Musicology: Church Music

The outline that you find below has been a very helpful study guide to assist students using the book A History of Western Music. I strongly recommend this book. With its contents, art work, and media, it's just gorgeous!

The Music of the Reformation in Germany

  1. The Protestant Reformation
    1. Martin Luther nailed his 95 theses to the door of the Schlosskirche in Wittenberg in 1517.
    2. Lutheran Church and Music
      1. Luther admired Franco-Flemish polyphony, particularly works by Josquin
      2. He wished to retain music in Lutheran services
    3. Deutsche Mass
      1. Published as early as 1526: a German Mass (in the vernacular) for use in smaller congregations
        1. The Gloria is omitted
        2. German hymns were substituted for most of the Ordinary
  2. The Lutheran Chorale
    1. Stophic congregational hymn
    2. Also known as a Kirchelied
    3. Primary elements of the chorale
      1. Text
      2. Tune
    4. As much Catholic church music of the 16th c. was an outgrowth of plainsong, so too was Lutheran church music of the 17th and 18th c. an outgrowth of the chorale
    5. First collections of chorales published in 1524
      1. Originally publ. with a single melody
      2. Intended for unison singing without accompaniment or harmonization
      3. Original notation was similar to chant notation
    6. Ein' feste Burg (A Mighty Fortress)
      1. Text by Luther, music possibly by Luther
      2. First printed in 1529
  3. Contrafacta
    1. 'Parodies' of secular songs in which the given melody was retained but the text was either replaced by completely new words or altered.
      1. Adaptation of secular songs and secular polyphonic compositions for church purposes was common in the 16th c.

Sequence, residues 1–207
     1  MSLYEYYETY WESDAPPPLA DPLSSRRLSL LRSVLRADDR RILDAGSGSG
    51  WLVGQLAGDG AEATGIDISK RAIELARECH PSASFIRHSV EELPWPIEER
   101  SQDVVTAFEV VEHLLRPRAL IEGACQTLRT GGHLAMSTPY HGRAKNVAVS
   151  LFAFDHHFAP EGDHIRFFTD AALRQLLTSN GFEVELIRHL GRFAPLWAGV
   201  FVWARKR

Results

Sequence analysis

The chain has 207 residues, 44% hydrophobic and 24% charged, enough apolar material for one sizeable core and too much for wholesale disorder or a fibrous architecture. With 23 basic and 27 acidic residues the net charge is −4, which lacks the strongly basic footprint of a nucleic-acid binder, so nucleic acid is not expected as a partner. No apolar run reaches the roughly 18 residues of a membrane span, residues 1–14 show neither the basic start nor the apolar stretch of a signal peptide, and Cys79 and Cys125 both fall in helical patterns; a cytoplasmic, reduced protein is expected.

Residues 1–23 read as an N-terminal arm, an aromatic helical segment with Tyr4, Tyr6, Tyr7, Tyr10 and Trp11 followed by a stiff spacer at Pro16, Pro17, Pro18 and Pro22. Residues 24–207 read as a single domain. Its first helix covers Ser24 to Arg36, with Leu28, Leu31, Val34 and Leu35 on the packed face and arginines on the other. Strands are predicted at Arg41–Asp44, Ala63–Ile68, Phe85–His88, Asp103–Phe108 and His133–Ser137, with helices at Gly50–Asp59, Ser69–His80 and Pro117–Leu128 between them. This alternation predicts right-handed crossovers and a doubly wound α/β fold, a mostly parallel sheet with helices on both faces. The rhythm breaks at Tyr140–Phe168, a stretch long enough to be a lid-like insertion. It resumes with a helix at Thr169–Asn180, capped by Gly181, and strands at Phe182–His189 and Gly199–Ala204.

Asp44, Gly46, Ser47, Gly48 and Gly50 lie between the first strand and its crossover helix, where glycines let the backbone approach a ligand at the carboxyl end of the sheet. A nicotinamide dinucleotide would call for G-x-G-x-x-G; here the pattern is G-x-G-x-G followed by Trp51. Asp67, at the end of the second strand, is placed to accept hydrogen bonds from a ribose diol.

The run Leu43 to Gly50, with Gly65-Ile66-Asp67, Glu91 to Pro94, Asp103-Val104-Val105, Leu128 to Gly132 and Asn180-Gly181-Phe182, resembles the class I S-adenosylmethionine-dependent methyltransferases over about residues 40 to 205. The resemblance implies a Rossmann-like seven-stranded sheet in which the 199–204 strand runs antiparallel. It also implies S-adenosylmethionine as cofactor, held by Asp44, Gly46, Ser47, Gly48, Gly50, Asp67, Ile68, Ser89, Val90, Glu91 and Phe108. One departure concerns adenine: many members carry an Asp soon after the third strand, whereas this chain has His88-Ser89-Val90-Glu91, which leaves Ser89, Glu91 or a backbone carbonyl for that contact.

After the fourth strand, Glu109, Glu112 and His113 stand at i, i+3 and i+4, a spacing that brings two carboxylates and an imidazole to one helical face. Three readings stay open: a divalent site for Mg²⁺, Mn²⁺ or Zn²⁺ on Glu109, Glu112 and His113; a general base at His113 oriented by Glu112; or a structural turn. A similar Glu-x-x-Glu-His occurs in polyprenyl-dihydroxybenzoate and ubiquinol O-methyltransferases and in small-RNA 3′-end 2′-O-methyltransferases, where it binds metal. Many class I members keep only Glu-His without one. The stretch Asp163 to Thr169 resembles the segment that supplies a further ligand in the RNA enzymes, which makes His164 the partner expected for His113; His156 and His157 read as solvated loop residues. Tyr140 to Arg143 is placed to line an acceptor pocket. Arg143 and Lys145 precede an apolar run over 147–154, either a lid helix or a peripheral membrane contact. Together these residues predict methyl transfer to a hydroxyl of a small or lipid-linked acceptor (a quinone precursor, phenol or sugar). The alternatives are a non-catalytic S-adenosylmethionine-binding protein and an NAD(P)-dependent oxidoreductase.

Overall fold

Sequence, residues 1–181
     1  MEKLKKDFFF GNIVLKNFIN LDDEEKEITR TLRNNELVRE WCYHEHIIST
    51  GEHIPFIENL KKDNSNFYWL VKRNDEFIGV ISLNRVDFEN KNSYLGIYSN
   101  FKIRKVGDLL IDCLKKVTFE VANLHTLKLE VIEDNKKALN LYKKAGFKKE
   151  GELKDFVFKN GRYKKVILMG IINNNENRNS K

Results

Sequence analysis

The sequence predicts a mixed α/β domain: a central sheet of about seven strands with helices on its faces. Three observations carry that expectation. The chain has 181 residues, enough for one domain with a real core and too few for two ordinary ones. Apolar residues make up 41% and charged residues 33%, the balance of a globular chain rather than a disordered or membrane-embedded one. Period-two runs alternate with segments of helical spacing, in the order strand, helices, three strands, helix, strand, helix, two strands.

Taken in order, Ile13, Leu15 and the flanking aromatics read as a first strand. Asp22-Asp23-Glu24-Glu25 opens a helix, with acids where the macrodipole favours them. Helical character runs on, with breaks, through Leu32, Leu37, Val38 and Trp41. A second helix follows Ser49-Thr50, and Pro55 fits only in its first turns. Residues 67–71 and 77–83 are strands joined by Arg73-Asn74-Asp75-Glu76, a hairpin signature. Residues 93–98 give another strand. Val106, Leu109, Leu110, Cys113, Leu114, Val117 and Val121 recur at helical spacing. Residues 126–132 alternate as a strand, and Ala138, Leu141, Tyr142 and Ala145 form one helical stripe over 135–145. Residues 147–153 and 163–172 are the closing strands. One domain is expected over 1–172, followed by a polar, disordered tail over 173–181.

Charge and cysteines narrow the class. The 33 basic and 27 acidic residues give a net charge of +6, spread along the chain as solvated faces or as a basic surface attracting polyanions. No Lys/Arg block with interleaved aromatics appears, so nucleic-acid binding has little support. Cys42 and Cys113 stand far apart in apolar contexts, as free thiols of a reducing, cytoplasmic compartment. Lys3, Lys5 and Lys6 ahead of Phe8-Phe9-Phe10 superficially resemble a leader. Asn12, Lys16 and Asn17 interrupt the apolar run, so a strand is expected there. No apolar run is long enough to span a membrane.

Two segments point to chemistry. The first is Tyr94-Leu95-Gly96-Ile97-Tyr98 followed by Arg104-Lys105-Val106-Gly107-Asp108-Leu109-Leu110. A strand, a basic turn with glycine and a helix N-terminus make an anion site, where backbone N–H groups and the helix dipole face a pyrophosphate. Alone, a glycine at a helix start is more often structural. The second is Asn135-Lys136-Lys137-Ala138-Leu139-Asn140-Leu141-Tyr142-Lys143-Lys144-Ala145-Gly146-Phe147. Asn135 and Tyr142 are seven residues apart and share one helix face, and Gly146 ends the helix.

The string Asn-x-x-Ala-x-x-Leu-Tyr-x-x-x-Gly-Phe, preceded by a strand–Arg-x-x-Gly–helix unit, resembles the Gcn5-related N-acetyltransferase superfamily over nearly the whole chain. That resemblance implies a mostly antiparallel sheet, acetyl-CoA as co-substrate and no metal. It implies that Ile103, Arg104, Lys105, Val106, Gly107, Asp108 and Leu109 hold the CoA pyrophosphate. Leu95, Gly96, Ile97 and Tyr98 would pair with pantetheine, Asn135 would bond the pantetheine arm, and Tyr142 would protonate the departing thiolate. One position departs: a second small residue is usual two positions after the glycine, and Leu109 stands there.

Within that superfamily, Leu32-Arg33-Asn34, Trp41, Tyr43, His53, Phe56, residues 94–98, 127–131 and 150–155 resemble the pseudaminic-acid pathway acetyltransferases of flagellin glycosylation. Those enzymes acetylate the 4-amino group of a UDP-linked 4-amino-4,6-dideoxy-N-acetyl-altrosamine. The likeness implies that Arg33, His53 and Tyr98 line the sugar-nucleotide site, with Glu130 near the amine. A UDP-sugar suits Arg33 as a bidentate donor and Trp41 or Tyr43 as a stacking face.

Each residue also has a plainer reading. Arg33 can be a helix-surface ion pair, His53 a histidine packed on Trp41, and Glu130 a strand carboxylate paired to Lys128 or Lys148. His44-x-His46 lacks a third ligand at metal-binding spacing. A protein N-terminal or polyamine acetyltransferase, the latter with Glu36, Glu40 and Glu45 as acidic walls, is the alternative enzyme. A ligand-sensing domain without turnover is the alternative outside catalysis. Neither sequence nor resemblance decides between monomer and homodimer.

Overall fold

2. Ex: O Welt, ich muss dich lassen (adapted from Isaac's Lied: Inssbruch, ich muss dich lassen)
  4. Polyphonic Chorale Settings
    1. Johann Walter (1496-1570)
      1. Luther's principle musical collaborator
      2. Published a volume of 38 German chorale settings together with 5 Latin motets
    2. Georg Rhaw (1488-1548)
      1. Published important collection of 123 polyphonic chorale arrangements and motets in Wittenberg in 1544
      2. This collection was a compilation of pieces by leading German and Swiss composers, including:
        1. Ludwig Senfl
        2. Thomas Stoltzer (1475-1526)
        3. Benedictus Ducis (1490-1544)
        4. Sixtus Dietrich (1490-1548)
        5. Arnold von Bruck (1470-1554)
        6. Lupus Hellinck (1495-1541)
    3. Polyphonic settings intended for a choir not for the congregation
    4. Performance
      1. Alternation of stanzas by the choir and congregation (congregation sings in unison)
      2. Sometimes inst. doubled voice parts
      3. 16th c. congregational singing was most likely unaccompanied
      4. 17th c. it gradually became the custom for the organ to play all parts
    5. Cantional style
      1. Plainly chordal, rhythmically straightforward settings
      2. Tune in topmost voice
      3. Fünfzig Lieder und Psalmen (50 Chorales and Psalms)
        1. First collection publ. in cantional style in 1586
        2. By Lucas Osiander (1534-1604)
      4. Chief composers of cantional settings in the early 17th c.
        1. Hans Leo Hassler
        2. Michael Praetorius (1571-1621)
        3. Johann Hermann Schein
  5. Chorale Motet
    1. Musical development towards the end of the 17th c.
    2. Lutheran composers began to do what Catholic comp. had done in the 15th c., use traditional melodies as the basic material for free artistic creation
      1. Such settings are called chorale motets
    3. Leading composers of motets
      1. Hans Leo Hassler
      2. Johannes Eccard (1553-1611)
      3. Leonhard Lechner (1553-1606)
      4. Michael Praetorius

Reformation Church Music Outside Germany

  1. The Psalter
    1. Calvinist Reformation
      1. Jean Calvin (1509-1564)
      2. French Psalter (1562)
        1. Melodies composed by Loys Bourgeois (1510-1561)
    2. French composers of Psalm settings
      1. Claude Goudimel (1505-1572)
      2. Claude Le Jeune
    3. Netherland composers of Psalm settings
      1. J.P. Sweelinck

The Counter-Reformation

  1. Background
    1. 1527: Rome is captured and sacked by Spanish and German mercenaries of Charles V
    2. Advocates of reform come to power in the Catholic church
  2. The Council of Trent (1545-1563)
    1. Attempt to rectify church abuses and practices
    2. Musical reforms
      1. Criticism of secular tunes
      2. Complicated polyphony which obscured the text